I've written about my feelings on Obergefell v. Hodges before. In fact it was my first post here. And then, Friday the decision came out.
There is literally no way you missed the news that on Friday, June 16, the Supreme Court found that the Fourteenth Amendment requires states to license a marriage to same sex couples and to recognize same sex marriages performed out of state.
Luckily, I was out of my doctor's appointment with plenty of time to spare, and even had time to sit in on a meeting with a school administrator about how it is impossible to find funding for the unpaid internships those of us going into public interest have to do. By 9:45 I was at my desk in the clinic watching the SCOTUSblog livefeed. And at 10:01 there it was: Obergefell v. Hodges. When the decision came out and the livefeed was being updated, other people in the clinic gathered around A and I to read over our shoulders. It felt big but also so isolated -- fifteen minutes later, everyone went back to work. A and I broke our no-PDA-at-school rule and exchanged a very chaste kiss.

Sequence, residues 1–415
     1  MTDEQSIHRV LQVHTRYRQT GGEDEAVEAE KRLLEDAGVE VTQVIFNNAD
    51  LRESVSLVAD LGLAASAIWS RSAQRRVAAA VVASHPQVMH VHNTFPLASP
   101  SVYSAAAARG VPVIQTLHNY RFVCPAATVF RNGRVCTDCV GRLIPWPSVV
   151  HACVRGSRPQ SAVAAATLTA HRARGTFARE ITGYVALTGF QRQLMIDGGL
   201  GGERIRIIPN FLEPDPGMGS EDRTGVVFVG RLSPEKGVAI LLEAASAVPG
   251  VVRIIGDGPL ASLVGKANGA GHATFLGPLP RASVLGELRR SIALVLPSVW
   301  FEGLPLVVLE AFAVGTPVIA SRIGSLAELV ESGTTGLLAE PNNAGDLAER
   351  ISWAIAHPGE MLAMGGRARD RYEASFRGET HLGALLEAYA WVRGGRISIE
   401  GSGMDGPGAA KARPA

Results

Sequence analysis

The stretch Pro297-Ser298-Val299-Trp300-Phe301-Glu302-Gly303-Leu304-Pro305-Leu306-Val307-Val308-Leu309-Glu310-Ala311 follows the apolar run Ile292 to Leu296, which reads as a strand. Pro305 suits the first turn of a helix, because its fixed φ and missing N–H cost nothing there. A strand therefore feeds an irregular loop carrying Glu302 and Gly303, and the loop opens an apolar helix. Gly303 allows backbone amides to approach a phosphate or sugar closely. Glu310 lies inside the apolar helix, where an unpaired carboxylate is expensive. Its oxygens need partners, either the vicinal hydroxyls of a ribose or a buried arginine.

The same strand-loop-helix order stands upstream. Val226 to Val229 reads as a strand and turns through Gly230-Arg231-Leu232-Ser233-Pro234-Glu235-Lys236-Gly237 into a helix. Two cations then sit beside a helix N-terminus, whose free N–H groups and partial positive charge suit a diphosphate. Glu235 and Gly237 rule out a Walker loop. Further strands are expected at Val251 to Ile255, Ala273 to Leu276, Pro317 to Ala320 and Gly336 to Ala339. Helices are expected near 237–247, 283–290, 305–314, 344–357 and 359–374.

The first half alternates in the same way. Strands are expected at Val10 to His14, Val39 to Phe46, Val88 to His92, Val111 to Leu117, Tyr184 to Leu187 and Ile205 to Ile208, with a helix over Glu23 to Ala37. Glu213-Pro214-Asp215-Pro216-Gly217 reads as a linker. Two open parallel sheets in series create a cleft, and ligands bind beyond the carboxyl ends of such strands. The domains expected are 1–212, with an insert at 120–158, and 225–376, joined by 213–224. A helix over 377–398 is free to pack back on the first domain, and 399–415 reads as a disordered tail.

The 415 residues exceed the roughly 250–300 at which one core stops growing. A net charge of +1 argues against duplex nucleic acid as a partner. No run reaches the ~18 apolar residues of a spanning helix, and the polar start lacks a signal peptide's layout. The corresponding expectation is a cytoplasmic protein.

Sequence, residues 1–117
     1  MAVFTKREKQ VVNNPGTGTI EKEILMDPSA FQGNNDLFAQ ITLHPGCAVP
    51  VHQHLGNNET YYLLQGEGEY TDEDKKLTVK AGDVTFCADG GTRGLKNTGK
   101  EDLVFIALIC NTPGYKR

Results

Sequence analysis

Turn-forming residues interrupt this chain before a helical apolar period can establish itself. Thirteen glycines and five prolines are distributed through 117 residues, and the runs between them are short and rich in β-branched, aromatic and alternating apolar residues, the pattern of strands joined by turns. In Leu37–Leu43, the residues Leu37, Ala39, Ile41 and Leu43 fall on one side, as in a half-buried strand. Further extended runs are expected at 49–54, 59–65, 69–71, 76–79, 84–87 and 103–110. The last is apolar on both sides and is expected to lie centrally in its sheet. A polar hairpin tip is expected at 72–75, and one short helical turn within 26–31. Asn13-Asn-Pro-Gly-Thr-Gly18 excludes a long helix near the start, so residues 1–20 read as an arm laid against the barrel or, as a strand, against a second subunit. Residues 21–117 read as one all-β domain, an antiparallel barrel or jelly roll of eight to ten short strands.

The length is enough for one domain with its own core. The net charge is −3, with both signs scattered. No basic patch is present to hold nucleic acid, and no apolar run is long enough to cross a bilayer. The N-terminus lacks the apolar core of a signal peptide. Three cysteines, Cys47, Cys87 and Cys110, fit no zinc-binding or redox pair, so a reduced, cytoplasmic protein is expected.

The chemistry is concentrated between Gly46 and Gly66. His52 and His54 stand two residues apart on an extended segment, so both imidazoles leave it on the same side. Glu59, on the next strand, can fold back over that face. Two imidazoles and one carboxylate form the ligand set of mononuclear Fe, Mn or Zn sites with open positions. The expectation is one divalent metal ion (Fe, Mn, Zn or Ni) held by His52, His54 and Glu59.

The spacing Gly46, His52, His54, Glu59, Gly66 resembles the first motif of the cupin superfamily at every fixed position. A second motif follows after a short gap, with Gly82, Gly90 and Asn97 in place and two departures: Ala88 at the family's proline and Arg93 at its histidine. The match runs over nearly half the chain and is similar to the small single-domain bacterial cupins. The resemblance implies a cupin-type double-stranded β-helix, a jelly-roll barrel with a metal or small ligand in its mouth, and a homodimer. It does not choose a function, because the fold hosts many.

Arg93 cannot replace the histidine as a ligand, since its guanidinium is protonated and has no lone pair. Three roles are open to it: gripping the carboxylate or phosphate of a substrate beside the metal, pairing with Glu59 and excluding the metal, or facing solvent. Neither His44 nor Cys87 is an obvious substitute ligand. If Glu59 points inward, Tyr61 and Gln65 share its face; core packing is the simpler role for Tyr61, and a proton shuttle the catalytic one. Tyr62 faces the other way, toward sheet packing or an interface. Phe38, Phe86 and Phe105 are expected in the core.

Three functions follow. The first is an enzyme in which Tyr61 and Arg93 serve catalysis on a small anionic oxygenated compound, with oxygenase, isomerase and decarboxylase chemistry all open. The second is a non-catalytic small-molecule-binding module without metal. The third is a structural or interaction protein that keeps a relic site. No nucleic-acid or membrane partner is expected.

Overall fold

And I can't deny that I was happy. I don't even like the word equality, and if anyone uses it there should be about a million asterisks next to it. If you asked me to rank gay marriage and pretty much any other issue for important, the other issue would win. Universal Healthcare vs. Gay Marriage? Universal Healthcare. Racial Justice vs. Gay Marriage? Racial Justice. Economic Justice vs. gay Marriage? Economic Justice. In a lot of ways, gay marriage feels like a giant distraction.
But that being said, I don't really see any reason not to celebrate this decision for what it is -- one change that means a lot of things to a lot of people. To old queers and queers with medical issues and queers who adopt. It means a lot of things. As a law student, I can't ignore the very real, tangible benefits marriage gets you, as much as I might personally believe that those rights should not be tied to marriage.
But in addition to it being an undeniable win, there is also the huge blank that we now get to decide how to fill. The cynic in me says all the upper and middle class white gay men will now exit any new organizing, but that still leaves an awful lot of us who get to redefine what queers want. Queers want economic justice. Queers want racial justice. Queers want a comprehensive welfare system and affordable access to drugs. Queers want immigration reform. Queers want equal pay. Queers want prison abolition. These are what is next.
Marriage, which has eaten up our resources to the exclusion of almost everything else -- is done. Whether you care about gay marriage or not, I think this calls for a celebration -- today, we work for what comes next.
To follow my in the moment reaction to Obergefell, and see my favorite quotes from the crazy dissents check out @gaydptofjustice on twitter: